From Ink to Ingenuity

Melissa Golden

Trying to find information on the federal budget, members of Congress or senior-level government jobs? There are apps for that.

Jon Quandt, the Government Printing Office’s project manager for apps, has been coding tools that make federal information accessible on smartphones, tablets and e-readers. Some highlights so far: The Mobile Member Guide for the 112th Congress, a pictorial directory of House and Senate members; the federal budget in eBook format; and a mobile version of the quadrennial Plum Book, which lists leadership jobs in government.  

As a student of history, Quandt says he understands the “powerful mission” GPO has had for 151 years to deliver information to the American people. Bringing that mission into the post-PC age has been one of the most rewarding parts of his job.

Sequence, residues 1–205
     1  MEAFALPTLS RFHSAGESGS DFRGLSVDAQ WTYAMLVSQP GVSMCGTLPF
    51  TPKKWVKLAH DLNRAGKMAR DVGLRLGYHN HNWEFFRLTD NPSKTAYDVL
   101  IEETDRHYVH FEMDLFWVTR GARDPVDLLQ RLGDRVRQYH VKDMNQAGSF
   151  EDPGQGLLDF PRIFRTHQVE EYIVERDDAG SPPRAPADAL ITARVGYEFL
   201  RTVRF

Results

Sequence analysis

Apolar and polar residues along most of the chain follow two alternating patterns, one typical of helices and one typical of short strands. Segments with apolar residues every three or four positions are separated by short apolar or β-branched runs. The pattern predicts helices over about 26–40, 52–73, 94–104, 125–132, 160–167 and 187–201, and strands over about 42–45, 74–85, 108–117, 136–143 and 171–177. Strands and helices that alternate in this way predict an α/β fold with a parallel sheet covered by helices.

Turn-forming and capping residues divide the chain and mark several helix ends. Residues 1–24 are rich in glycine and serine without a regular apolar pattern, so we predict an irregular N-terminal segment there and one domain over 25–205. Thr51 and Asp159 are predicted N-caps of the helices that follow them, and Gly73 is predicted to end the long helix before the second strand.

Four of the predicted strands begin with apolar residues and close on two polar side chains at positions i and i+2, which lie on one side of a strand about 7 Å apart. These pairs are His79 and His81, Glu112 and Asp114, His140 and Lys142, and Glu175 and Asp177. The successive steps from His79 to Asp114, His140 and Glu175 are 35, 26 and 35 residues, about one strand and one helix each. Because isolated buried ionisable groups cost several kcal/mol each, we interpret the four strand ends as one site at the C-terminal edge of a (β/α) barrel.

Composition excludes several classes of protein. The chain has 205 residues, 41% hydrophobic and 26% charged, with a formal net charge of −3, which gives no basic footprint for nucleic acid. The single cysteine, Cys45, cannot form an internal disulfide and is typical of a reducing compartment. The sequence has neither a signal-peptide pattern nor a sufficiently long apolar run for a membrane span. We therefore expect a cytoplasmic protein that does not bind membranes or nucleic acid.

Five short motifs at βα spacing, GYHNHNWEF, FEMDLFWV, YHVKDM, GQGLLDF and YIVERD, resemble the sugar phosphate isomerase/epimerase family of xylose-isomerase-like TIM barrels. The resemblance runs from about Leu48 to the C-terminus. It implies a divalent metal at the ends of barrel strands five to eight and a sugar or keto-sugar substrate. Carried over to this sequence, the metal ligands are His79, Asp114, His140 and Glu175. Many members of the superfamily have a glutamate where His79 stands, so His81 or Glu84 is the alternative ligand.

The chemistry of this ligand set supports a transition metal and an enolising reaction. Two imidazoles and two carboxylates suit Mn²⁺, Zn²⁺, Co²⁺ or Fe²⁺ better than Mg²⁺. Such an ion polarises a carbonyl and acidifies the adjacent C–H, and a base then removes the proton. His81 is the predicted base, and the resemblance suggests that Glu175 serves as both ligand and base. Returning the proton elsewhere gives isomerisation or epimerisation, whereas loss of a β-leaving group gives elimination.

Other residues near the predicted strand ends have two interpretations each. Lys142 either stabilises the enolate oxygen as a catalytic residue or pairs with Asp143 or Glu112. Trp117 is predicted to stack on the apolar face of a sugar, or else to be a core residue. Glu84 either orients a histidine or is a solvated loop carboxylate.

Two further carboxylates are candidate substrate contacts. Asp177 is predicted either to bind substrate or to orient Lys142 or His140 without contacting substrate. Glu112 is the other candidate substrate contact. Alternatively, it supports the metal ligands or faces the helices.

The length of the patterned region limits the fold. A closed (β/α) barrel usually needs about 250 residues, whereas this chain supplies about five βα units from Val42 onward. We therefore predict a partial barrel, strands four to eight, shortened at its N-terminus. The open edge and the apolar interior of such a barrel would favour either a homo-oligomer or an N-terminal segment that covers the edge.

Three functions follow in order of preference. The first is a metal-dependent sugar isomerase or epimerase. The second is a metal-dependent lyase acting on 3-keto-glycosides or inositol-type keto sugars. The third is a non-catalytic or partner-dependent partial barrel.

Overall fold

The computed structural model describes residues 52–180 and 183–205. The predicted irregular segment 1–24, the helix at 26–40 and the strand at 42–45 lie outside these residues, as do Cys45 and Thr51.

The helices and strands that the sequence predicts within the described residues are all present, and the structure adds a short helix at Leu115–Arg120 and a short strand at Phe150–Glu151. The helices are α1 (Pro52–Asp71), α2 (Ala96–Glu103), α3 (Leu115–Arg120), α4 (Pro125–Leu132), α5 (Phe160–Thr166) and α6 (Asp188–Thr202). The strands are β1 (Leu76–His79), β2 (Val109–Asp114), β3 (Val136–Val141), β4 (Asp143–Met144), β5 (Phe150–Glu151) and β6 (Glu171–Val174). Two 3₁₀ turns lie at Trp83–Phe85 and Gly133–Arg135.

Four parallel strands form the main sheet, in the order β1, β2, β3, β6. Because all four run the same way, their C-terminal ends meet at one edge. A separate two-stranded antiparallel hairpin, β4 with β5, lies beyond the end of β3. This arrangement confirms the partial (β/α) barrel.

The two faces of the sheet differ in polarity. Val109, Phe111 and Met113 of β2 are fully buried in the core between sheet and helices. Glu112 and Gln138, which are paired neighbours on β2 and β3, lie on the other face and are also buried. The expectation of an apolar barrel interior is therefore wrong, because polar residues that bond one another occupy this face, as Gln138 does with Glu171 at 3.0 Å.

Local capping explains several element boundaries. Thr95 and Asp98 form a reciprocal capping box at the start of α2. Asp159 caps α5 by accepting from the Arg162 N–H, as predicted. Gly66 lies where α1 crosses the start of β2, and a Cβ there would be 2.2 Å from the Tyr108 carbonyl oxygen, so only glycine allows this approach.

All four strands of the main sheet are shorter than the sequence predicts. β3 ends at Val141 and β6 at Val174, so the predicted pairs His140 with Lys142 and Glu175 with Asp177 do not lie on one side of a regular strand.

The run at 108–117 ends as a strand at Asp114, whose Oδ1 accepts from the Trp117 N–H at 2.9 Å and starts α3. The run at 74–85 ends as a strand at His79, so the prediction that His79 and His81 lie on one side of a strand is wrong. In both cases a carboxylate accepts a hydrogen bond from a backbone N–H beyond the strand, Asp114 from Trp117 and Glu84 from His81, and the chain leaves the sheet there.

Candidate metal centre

“I like being able to continue the tradition that [GPO] has, to keep America informed,” Quandt says. 

His work has helped transform the agency from an antiquated paper-and-ink operation into a digital powerhouse that could revolutionize the way citizens and federal workers access government documents and publications. Along with updating existing apps for GPO, one of Quandt’s goals is to make FDsys, the federal government’s digital information repository, accessible on mobile devices.  

“We want to try to make [that information] as value add as possible,” he adds, “going beyond just putting the text on the page.”

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